One of the basic steps in configuring the Open Shortest Path First (OSPF) routing protocol is telling the router which interfaces should be included in which areas. This is accomplished via the "network"
So, nine times out of ten, you will see administrators configure the IP address as the network address instead of the interface address and the wildcard mask with the same number of interesting bits as the subnet mask, and there is nothing really wrong with this. For instance, if a router had two interfaces with addresses 10.1.1.1 /24 and 10.1.2.1 /24 respectively in area 0, you might expect to see an administrator enter these network commands:
network 10.1.1.0 0.0.0.255 area 0
network 10.1.2.0 0.0.0.255 area 0
But as I said, that doesn't tell the router to advertise 10.1.1.0 /24 and 10.1.2.0 /24. Rather, it tells the router that all interfaces on the router between 10.1.1.0 and 10.1.2.255 are OSPF interfaces assigned to area 0. For example, the statements
network 10.1.1.1 0.0.0.0 area 0
network 10.1.2.1 0.0.0.0 area 0
network 10.0.0.0 0.255.255.255 area 0
are functionally equivalent to the first set of statements in that all three sets of statements will enable OSPF on those two interfaces.
So... why would you use one or the other? The answer depends in part on your network, discipline and preference. In a small network, where you probably only have one area, and all your interfaces will be in OSPF and part of the same network (e.g. 10.0.0.0/8), it probably makes sense to take the path of least resistance, keep the config simple and just use a single network statement to cover all interfaces.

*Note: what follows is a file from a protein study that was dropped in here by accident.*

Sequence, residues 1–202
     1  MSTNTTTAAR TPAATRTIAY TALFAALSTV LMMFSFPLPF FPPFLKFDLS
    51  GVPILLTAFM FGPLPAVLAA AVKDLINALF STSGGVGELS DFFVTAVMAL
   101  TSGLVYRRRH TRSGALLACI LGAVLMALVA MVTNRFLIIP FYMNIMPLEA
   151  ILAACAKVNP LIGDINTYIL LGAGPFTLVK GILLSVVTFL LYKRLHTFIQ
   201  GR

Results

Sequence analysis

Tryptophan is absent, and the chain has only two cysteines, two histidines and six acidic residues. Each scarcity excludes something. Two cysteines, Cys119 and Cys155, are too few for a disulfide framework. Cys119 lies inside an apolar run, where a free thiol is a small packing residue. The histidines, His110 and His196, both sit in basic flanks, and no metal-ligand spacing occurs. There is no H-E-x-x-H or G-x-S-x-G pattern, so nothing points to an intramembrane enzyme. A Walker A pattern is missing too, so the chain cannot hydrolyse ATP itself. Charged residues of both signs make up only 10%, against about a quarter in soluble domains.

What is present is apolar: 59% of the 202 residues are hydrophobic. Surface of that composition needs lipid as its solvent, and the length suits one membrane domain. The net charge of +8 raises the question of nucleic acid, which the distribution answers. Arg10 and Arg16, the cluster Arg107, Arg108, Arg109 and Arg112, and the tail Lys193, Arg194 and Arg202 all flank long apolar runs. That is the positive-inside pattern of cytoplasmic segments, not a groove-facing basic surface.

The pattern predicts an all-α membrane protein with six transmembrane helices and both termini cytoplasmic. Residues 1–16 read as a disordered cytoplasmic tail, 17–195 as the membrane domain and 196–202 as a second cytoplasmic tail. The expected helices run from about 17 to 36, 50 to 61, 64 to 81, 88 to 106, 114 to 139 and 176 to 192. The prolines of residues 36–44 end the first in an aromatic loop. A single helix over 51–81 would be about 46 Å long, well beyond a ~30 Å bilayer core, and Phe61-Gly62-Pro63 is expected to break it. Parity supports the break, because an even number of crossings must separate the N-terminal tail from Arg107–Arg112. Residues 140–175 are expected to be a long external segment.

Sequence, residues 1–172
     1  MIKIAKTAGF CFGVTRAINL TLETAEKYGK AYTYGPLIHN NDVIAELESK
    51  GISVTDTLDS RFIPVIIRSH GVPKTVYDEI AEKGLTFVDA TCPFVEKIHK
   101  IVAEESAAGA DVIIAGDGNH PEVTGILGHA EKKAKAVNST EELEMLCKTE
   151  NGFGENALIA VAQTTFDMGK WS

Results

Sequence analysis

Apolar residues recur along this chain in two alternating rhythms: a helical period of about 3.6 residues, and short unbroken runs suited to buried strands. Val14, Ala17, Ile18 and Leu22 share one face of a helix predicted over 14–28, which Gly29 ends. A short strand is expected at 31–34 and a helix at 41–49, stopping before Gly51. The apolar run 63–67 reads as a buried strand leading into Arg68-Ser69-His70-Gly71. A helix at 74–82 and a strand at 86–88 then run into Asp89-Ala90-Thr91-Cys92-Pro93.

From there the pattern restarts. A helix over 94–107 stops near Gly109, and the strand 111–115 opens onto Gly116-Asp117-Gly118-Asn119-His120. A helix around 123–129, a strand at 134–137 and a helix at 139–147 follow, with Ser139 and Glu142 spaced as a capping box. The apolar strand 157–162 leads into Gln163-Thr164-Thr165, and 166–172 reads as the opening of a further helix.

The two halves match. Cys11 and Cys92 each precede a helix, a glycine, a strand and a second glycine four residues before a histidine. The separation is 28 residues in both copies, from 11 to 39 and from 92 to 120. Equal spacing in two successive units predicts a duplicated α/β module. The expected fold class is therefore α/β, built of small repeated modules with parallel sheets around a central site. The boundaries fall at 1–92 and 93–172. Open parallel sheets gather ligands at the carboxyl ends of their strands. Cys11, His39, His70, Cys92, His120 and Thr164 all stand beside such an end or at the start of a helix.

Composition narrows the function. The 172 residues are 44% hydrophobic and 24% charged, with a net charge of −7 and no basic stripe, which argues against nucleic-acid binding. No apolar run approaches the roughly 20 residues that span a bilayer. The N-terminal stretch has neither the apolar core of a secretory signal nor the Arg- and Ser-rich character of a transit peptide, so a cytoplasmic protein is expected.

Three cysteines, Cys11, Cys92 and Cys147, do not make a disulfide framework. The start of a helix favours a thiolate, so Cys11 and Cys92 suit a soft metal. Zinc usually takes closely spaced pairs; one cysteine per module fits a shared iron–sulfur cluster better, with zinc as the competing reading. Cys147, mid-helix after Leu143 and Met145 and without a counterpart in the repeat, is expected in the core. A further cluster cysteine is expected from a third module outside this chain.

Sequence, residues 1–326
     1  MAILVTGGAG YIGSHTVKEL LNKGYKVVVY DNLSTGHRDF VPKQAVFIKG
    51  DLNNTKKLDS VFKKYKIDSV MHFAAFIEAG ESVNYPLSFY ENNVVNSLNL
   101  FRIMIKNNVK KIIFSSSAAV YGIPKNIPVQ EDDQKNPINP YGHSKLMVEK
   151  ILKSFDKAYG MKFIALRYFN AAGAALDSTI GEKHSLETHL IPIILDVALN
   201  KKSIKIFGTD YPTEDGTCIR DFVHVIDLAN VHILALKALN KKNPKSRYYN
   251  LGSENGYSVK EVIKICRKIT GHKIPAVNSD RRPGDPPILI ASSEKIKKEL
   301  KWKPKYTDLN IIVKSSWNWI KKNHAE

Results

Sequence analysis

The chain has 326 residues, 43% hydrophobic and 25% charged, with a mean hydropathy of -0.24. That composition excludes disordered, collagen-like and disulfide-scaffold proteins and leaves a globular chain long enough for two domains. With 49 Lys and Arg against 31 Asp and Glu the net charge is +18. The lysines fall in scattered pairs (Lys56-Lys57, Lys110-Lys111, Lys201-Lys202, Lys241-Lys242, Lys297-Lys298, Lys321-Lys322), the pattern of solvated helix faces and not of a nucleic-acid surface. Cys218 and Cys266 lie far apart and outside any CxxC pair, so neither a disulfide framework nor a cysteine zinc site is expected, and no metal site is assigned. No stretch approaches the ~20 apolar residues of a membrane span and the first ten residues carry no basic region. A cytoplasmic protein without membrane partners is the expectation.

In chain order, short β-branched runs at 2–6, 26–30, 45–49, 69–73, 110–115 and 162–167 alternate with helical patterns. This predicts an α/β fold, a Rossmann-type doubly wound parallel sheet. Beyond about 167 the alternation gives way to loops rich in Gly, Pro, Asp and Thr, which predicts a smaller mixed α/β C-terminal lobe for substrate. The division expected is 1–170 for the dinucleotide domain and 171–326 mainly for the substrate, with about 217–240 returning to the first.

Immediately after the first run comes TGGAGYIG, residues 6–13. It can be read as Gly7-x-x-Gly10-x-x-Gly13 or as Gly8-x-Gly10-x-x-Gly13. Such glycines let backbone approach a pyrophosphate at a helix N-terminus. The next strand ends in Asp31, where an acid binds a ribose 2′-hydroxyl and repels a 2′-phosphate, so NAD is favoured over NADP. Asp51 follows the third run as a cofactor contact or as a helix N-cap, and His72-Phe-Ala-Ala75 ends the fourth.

If your network is more complex, or you have multiple areas, or your network changes a lot, a very good habit to get into is specifying each interface address explicitly. The advantage here is that you don't accidentally slip up and put an interface in the wrong area. The wildcard mask 0.0.0.0 means each statement only applies to a single IP address and won't accidentally overlap another interface. If you're using a lot of VLSM, that can be challenging to troubleshoot.
An example of where this could cause trouble is if you had a router that joined an OSPF network to an EIGRP network, and you were redistributing between the protocols... If you accidentally included an interface in OSPF when you thought it was only in EIGRP, then your router may behave much differently than you anticipate.
Another example could be that a loopback address is accidentally included and is covered by a summary command. Consider what happens if a real interface fails, and you may expect a summary to be withdrawn, but because the loopback never goes down, the summary stays up, preventing traffic from taking an alternate and still available route.
Granted, these examples are unlikely, but they have happened many times before and demonstrate the sorts of issues that can be easily avoided.
Tom Lancaster, CCIE# 8829 CNX# 1105, is a consultant with 15 years experience in the networking industry, and co-author of several books on networking, most recently, CCSPTM: Secure PIX and Secure VPN Study Guide published by Sybex.
This was first published in May 2004